Any songs in place for the next record?
You played a couple of acoustic gigs pre-Christmas – any plans for more of these?
Yeah, we’re doing a little acoustic set during Stag & Dagger Festival and I just got my acoustic back so if there is demand for it, I’m up for playing some sets.
Now that the dust has settled on SXSW and your US tour, what are your thoughts on it?
It was mental. The best fun and really amazing to tour with WWPJ (We Were Promised Jetpacks). I think we were incredibly lucky to get on with them so well. The venues were great and very crazy to meet American folks who know our songs.
You’re touring with Courtney Barnett – do you approach support slots differently from your own headlining gigs?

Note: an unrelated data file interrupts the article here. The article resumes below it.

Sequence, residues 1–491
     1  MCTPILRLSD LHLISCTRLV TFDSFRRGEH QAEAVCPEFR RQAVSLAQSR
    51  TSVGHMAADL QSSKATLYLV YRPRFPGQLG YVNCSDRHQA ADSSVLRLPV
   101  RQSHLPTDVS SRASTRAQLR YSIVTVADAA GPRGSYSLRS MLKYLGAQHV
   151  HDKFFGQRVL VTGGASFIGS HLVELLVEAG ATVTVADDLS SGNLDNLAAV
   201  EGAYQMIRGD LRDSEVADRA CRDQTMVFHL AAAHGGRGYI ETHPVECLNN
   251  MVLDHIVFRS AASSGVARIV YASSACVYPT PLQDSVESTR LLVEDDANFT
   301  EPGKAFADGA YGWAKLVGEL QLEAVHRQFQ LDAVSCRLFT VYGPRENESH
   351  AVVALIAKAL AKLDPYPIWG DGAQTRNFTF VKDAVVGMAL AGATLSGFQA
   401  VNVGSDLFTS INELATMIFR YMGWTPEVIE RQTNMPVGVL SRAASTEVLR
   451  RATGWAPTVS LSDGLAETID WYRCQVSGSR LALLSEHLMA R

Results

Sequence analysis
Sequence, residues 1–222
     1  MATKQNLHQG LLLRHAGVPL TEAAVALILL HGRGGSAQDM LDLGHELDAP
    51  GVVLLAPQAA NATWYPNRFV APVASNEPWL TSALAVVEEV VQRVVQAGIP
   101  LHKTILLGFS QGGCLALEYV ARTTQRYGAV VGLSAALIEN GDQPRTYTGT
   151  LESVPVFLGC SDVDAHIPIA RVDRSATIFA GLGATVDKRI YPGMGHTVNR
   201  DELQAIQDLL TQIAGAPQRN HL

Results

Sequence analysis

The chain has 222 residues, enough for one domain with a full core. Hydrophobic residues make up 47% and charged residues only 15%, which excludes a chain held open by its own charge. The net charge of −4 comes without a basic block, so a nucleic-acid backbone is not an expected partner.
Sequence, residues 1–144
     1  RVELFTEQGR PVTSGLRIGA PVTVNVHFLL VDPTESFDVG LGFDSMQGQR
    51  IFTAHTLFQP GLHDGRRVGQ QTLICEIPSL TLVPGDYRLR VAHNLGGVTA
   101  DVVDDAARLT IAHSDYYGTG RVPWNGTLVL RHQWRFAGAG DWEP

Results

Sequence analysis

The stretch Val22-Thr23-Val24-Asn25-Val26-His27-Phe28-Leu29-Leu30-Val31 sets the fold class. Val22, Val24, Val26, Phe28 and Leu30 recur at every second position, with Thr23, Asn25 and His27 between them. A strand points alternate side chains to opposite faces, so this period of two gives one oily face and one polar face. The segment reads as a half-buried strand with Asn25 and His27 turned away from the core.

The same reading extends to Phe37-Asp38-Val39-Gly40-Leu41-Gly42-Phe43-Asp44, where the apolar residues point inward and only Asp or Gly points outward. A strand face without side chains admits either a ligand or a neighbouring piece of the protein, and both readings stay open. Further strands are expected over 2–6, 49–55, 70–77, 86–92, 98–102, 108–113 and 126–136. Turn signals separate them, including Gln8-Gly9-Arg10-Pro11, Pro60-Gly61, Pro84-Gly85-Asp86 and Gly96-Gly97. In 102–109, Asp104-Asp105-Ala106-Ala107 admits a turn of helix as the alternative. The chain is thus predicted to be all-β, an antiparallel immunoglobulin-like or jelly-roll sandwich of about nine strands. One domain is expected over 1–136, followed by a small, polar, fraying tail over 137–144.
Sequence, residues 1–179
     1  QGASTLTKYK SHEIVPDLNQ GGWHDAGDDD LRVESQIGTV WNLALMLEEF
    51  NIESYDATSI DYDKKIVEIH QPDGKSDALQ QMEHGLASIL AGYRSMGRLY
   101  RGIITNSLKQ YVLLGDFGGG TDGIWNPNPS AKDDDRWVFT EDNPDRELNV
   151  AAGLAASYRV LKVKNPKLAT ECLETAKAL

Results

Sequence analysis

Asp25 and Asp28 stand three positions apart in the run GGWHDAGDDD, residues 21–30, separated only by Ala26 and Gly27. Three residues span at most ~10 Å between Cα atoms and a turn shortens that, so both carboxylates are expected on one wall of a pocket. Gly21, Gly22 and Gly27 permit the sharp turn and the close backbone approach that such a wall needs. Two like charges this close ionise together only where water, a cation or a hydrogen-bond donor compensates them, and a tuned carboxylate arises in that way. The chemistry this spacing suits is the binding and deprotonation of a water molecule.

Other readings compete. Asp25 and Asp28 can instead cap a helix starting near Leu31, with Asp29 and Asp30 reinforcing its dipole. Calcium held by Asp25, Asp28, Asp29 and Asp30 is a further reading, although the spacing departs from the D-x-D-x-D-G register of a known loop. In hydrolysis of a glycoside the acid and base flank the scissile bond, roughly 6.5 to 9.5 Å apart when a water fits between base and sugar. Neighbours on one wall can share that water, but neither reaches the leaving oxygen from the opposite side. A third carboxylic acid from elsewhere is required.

I guess there’s less pressure when you are a support act. You don’t need to be at the venue as early and you can relax and watch the main act after you’ve played. We don’t differ much in our set except from it’s usually shorter and we don’t play as many slow songs.
You are playing Live At Leeds and/ Stag & Dagger this weekend– What’s your take on these city festivals over different venues?
I think they’re awesome fun. It’s always a great day. We did Tramlines in Sheffield last year and The Great Escape in Brighton. You always bump into friends who are playing also which is nice when you haven’t seen them since the last festival.
How was your TITP 2013 experience and what are your ambitions for future festivals?
As you can imagine, it’s a bit of an honour to play the festival when you are a Scottish band. We had a surprisingly big crowd which we weren’t really expecting seeing as we hadn’t released anything by then. We’d love to play it again.
What’s your general take on TITP and other big festivals?